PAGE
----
Fortunately for us all, the stigma that once plagued us is slowly dissipating. Gregg Henriques, director of the Combined Clinical and School Psychology Doctoral Program at James Madison University, describes the cultural shift we’ve experienced toward normalizing mental illness. Henriques poses the question: “Are we seeing an ‘epidemic’ of mental illness racing through the country? Or are we seeing a shift in attitudes, definitions, and the expectation of, availability of, and willingness to seek mental health treatment?” He argues the upsurge for college students—in additional to actual increases in emotional fragility and distress—could be partially attributed to our growing acceptance of discussing and seeking help for mental health issues. In other words, we are suffering, but we are no longer suffering in silence. We’re finally growing up in a time that empowers us to speak up when something doesn’t feel right.
Getting students the help they need
When I was depressed during my sophomore year, I didn’t know what to do with myself. I still viewed counseling as taboo…as something I didn’t need because I wasn’t “crazy.” Looking back, I wonder if I felt that way because I didn’t know anyone who went to counseling. It wasn’t until one of my best friends revealed to me that year that she was going to therapy and taking antidepressants that I had the realization—it’s okay to feel this way. It’s okay to ask for help. She encouraged me to make an appointment at the on-campus counseling center. So, I did. We walked up the stairs to the counseling center together. To my surprise, one of our other friends was sitting in the waiting room. I was relieved. Seeing him there was another turning point for me, because you never know what other people are going through. How we appear to others is rarely an accurate representation of the pain and demons we battle internally. At that moment, I knew I was in the right place.
According to the latest Association for University and College Counseling Center Directors survey, 51 percent of college counseling center directors surveyed said their counseling center budgets continue to increase; however, 32 percent reported their centers have a waitlist at some point during the year. While it’s a good sign that we are investing more in mental health services and that more students are seeking help, resources are still inadequate. According to the survey, the average mental health staff member to student ratio was 664 for small colleges, 1,864 for mid-size colleges/universities, and 2,731 for large universities. I attended a university with more than 30,000 people. How can we reduce students’ mental health struggles when one counselor is responsible for nearly 3,000 students?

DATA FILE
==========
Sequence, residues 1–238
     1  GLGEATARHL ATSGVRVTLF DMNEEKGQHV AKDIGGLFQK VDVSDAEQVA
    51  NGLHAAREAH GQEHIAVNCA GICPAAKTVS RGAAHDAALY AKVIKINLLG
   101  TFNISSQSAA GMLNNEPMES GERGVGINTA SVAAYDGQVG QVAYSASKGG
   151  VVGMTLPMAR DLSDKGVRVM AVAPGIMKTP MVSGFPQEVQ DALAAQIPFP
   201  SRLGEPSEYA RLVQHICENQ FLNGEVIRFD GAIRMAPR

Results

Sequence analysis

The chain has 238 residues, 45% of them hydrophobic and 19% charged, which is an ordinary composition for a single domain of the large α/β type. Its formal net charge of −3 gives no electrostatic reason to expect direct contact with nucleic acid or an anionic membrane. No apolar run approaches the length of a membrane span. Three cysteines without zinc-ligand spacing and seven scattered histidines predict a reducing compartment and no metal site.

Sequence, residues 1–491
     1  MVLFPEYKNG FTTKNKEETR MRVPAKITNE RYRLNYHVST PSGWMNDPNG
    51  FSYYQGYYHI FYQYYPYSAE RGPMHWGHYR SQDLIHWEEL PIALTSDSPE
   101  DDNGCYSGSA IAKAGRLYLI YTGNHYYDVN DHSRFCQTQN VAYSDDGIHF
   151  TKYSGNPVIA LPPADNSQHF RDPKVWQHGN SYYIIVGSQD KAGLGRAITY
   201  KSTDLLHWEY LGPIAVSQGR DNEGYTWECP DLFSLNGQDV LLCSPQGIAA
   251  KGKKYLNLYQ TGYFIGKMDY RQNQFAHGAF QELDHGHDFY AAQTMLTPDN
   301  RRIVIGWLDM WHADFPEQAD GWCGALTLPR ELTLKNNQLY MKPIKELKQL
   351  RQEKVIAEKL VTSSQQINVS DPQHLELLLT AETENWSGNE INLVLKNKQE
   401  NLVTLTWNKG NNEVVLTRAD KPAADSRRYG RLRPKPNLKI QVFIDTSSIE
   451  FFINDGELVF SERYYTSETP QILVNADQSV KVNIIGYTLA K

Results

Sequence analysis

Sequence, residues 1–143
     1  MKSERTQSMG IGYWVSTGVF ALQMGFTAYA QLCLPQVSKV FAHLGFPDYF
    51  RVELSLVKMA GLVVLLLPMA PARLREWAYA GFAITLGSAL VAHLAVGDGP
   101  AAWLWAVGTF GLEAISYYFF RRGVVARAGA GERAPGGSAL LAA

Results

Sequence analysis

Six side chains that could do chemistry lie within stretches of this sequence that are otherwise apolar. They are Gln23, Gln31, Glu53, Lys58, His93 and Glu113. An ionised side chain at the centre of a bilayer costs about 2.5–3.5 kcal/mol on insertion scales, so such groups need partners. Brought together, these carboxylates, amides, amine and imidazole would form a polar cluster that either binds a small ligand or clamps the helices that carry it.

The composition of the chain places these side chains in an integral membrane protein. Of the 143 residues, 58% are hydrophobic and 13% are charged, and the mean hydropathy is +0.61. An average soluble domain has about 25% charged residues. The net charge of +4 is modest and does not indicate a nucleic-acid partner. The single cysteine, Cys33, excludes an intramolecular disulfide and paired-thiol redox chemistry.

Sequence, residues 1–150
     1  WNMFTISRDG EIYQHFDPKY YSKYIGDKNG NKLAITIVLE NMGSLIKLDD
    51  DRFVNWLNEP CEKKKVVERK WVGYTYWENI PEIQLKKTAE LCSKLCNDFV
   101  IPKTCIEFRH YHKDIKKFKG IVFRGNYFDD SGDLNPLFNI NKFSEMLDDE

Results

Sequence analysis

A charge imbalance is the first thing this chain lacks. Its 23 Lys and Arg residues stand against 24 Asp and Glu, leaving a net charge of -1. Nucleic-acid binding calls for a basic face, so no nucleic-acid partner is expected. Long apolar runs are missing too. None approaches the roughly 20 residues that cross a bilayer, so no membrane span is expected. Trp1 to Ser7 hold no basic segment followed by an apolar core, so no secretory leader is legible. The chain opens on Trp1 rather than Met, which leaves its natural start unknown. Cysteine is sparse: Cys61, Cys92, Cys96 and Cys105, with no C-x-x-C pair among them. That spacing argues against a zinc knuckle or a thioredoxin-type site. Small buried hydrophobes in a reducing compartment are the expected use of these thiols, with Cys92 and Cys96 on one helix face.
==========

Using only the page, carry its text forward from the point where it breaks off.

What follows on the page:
Our increasingly open dialogue around mental health on college campuses is heartening, but we need more than a conversation. Colleges and universities need to continue investing in their on-campus counseling centers. Counseling centers need to continue making themselves known to the students they serve. If my friend hadn’t referred me to our college’s counseling center, I probably would’ve never gone or heard about it. Just the other day, I encouraged my brother to check out that same exact counseling center. He was shocked when I told them the center had legitimate, licensed medical practitioners. Word-of-mouth marketing is clearly effective, but I know there are still countless students on campuses who need help and don’t know who to ask or where to go.
Colleges and universities have a responsibility to their students to provide a safe, nurturing environment. My college years were a rollercoaster—a bit of yelling, some crying, and many moments of pure bliss. On-campus counseling centers and mental health resources/services help students achieve clarity in one of the most confusing, chaotic times of their lives. So, let’s keep talking. Let’s keep investing. Let’s reflect on the times we received a helping hand and pay it forward.